If you think drinking water during a workout is just about keeping your mouth from drying out as you pant your way through each set, think again. In addition to keeping you comfortable, staying hydrated is a necessary aspect of any healthy workout.
Your body is composed of 60 percent water, but on average, you lose 2-5 percent of your body weight from water loss every time you work out.
Once you get into your workout groove, you may find it hard to stop, even for a water break. What you may not realize is that water is an essential nutrient that keeps your muscles primed, blood flowing and the nerves in your brain firing. Taking a break to replace what you lose while exercising is actually a good way to keep your workout going.
The evaporation of sweat helps cool the body during exercise, but this diminishing hydration can lead to poor performance and even possible injury.
It’s important for everyday health to keep well-hydrated away from the gym, too. Staying properly hydrated helps regulate your body temperature, weight and mood. Keep a refillable bottle of water with you wherever you go, and if you need a touch of flavor, add lemon, lime, pineapple or cucumber for a refreshing twist. Aim to drink 50-75 percent of your body weight in ounces of water each day to stay hydrated.
Make the most of your workout and stay fit with these helpful hydration tips from the Army National Guard’s Guard Your Health campaign:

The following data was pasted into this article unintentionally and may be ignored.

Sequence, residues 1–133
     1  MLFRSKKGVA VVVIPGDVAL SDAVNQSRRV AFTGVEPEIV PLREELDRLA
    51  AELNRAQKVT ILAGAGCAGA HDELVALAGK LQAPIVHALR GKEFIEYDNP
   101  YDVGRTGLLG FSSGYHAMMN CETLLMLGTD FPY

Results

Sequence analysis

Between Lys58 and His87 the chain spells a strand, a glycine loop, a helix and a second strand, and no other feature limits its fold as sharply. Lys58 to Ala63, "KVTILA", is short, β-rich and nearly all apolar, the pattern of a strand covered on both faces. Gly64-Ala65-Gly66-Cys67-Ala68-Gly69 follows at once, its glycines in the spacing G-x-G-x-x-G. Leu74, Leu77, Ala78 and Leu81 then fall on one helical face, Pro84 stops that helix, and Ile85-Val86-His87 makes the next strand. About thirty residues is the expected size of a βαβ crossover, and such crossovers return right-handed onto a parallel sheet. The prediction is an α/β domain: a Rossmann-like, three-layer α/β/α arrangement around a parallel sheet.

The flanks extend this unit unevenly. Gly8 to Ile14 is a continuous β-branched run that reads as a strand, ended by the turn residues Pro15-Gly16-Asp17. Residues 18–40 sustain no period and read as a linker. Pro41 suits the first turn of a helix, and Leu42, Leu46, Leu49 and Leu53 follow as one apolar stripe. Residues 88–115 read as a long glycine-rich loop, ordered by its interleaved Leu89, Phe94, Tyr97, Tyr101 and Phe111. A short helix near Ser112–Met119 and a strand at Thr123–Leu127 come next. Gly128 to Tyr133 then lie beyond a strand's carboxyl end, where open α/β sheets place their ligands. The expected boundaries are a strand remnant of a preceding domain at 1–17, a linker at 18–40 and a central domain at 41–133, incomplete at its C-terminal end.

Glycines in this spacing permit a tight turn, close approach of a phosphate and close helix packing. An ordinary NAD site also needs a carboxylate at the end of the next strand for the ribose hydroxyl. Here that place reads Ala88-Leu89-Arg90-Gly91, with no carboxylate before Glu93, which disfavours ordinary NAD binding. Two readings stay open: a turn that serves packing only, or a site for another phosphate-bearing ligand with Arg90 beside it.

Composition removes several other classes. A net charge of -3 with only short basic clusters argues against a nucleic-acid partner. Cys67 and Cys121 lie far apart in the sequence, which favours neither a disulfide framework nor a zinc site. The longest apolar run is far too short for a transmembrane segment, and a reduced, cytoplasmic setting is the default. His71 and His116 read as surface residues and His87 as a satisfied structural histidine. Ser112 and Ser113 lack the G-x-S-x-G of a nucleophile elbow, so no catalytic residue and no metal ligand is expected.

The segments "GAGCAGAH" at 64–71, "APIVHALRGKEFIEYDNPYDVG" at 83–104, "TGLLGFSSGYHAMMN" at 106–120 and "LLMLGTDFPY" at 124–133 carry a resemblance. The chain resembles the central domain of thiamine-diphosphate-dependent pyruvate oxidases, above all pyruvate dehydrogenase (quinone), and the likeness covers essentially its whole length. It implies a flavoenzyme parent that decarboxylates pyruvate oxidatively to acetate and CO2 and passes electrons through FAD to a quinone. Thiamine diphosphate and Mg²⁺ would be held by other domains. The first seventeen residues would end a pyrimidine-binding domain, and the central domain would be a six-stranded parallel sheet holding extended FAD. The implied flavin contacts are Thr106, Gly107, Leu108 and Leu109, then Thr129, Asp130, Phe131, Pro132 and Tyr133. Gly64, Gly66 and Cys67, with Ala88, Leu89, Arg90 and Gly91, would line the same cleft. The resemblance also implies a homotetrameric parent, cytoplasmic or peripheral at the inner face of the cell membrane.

• Cool, plain water is the best drink to replace the fluid lost as sweat and help regulate your core body temperature.
• Plan to drink water before, during and after exercise to prevent dehydration and help enhance performance. Sip a 16-ounce bottle of water every hour while working out.
• Outdoor workouts require extra hydration, even during cooler weather. The water content in your skin helps it perform its protective functions, including limiting damage from the sun. Make sure to drink plenty of water before, during and after any time spent in the sun.
• Learn to recognize signs of dehydration, so you can take steps to reverse it. Early signs include muscle cramps and fatigue, while a dry mouth, headaches, dizziness, slurred speech and confusion all signal advancing dehydration. If your extremities become swollen or you become feverish, medical attention is necessary.
• Another way to check your hydration level is by monitoring your urination. Urine should be clear or light yellow, and you should urinate every two to four hours.
• If you find yourself dehydrated and water isn’t available, a melon, orange, celery, cucumber or bell pepper can help replenish your body’s water content.
• Make it a post-workout practice to replenish electrolytes with a banana, dates or coconut water.
For more health-related tools and information, visit www.guardyourhealth.com.